CS Theory Part 1 of 8: Finite Automata
As I mentioned before, I am writing a series of blog posts on my Theory of Computation class. This particular post will be somewhat imageheavy due to complete lack of experience on how to use LaTeX in accordance with state machine diagrams. Even the LaTeX I embed in these posts doesn’t look too great with this background, so I’ll have to do some more experiments. UPDATE May 16, 2015: I think the Jekyll + MathJax combination looks great now!
But anyway, in this class, I’m trying to understand three central areas: automata, computability, and complexity, and they are all linked by the following question:
What are the fundamental capabilities and limitations of computers?
Computability and complexity will come later in the course. Right now we’re focusing on automata.
To start off, let’s look at some basic computers, called finite automata. To put things formally, a finite automaton is a 5tuple \((Q, \sum, \delta, q_{1}, F)\), where^{1}
 \(Q\) is a finite set of states
 \(\sigma\) is a finite set known as the alphabet
 \(\delta: Q \times \sigma \longrightarrow Q\) is the transition function
 \(q_{1} \in Q\) is the start state
 \(F \subset Q\) is the set of accept states
But this is very abstract. Let’s get more specific by talking about the alphabet, and I’ll then return to discuss the other four points. An alphabet is defined to be any nonempty, finite set of symbols. For instance, \(\sum = \{0,1\}\) is a valid alphabet. And so is the alphabet composed of the 26 letters of the English language.
Related to alphabets, we have strings and languages. A string is just a finite sequence of characters derived from our alphabet. All the English words I type in this blog entry are strings of the alphabet composed of the 26 letters of the English language. The sequence of symbols in 11001100 is a valid string of the alphabet \(\sum = \{0,1\}\). Any binary number is a string that can be formed by the alphabet. And a language is a set of these strings.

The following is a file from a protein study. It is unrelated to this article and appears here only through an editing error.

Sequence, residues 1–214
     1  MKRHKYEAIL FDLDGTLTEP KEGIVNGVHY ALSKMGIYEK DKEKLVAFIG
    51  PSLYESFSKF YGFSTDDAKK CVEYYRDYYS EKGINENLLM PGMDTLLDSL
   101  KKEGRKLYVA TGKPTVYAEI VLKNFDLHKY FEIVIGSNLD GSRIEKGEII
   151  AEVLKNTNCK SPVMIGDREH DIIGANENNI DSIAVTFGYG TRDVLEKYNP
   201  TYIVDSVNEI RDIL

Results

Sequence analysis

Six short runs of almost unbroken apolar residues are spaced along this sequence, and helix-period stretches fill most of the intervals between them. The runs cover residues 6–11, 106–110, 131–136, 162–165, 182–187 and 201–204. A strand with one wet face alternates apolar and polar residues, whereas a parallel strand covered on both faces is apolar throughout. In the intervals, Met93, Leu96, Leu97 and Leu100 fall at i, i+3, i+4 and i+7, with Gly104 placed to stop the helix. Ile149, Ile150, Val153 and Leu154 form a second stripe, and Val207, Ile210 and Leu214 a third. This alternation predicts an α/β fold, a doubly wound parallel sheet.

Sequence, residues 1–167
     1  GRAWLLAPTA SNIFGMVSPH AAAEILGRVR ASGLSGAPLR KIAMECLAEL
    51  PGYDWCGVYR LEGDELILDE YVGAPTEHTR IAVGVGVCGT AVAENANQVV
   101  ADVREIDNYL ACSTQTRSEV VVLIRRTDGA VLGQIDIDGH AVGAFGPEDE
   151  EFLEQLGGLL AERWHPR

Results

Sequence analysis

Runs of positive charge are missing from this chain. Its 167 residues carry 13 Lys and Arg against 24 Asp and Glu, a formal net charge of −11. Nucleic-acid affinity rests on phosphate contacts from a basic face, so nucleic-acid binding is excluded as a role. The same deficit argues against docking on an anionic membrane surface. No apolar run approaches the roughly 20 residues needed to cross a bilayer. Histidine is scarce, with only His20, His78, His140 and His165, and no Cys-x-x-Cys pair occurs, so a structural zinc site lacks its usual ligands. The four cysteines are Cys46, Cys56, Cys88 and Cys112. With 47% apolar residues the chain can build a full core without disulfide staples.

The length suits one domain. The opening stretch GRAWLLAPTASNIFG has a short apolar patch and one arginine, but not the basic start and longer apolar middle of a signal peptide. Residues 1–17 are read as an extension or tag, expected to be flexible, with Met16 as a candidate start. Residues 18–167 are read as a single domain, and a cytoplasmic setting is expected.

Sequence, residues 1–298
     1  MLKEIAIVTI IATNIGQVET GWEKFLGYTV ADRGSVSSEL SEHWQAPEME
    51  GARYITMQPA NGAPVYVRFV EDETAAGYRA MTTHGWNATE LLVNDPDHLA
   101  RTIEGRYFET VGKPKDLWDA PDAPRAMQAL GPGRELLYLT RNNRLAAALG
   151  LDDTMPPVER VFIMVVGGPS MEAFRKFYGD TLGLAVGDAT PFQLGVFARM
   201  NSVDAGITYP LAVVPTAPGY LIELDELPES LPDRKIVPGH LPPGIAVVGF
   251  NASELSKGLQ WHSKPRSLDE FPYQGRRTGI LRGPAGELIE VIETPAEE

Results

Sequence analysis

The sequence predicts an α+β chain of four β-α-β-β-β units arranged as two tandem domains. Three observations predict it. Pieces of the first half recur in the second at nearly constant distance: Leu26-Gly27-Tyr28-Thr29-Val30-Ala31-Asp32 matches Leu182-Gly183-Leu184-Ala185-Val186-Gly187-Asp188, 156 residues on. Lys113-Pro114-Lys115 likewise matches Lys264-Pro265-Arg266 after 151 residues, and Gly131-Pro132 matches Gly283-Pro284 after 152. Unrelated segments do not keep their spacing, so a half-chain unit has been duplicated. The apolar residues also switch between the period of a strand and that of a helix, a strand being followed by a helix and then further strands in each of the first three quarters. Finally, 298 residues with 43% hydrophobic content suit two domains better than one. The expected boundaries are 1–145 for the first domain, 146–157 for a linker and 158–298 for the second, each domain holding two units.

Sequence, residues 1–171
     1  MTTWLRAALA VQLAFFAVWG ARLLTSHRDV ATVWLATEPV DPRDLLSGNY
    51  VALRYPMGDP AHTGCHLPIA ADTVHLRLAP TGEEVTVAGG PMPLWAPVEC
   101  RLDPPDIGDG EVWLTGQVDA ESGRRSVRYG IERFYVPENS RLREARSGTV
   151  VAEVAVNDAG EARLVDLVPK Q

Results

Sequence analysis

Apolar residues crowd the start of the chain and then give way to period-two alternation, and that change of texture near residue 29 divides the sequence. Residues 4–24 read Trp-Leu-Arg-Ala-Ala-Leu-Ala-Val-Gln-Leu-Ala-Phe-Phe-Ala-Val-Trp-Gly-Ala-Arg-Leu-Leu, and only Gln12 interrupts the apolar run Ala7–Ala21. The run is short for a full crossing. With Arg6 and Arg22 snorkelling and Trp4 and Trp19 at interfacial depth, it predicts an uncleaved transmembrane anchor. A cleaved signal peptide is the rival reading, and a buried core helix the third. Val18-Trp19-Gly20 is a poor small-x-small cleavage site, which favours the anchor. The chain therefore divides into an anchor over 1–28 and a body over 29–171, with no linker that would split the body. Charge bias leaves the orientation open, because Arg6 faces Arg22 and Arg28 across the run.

Here is the key relation between languages and finite automata.
A language is called a regular language if some finite automaton recognizes it.
By definition, a finite automaton will recognize a language if all strings the automaton accepts are members of the language. That’s the key. And to indicate what I mean, let’s look at a state diagram. Many finite automata can be written using these diagrams, and it’s highly advantageous to do so given how intuitive it is. The following is a state diagram of a finite automata that recognizes some language.
It’s a little blurry (future images will be better), but I hope you can still see the interesting symbols. First, there are four large circles, with one having a circle within it. Each of these four circles represents a state. Hence, \(\{q_{1}, q_{2}, q_{3}, q_{4}\} = Q\), the set of states (#1 on my list above). These are used to represent some situation that we encounter as we progress through a given string.
We have \(q_{1}\) forming our *start state *(#4 on my list above). This means when we progress through a given string, this is where we start before we make any “moves.” And \(q_{4}\) represents the lone accept state, indicated by the double circle outline. We can have multiple — or zero — accept states; this particular diagram only has one. If a string ends on one of these states, it’s “accepted” by the language. Otherwise, it’s rejected.
When I say “progress through a given string,” I refer to the process of determining whether a machine will recognize a certain string, and here is where we use the transition function (#3 on my list above), indicated by arrows in the diagram. Our alphabet in the above example is composed of just 0 and 1, so the machine only works with strings of that form. Let’s see what happens when we “input” a few strings into this machine.
 \(\varepsilon\) — This is the empty string. We start by going to \(q_{1}\) and we stop there, since we have no characters left. The finish state is the same as the start state, but this means the empty string is not accepted by the language since it did not finish in state \(q_{4}\).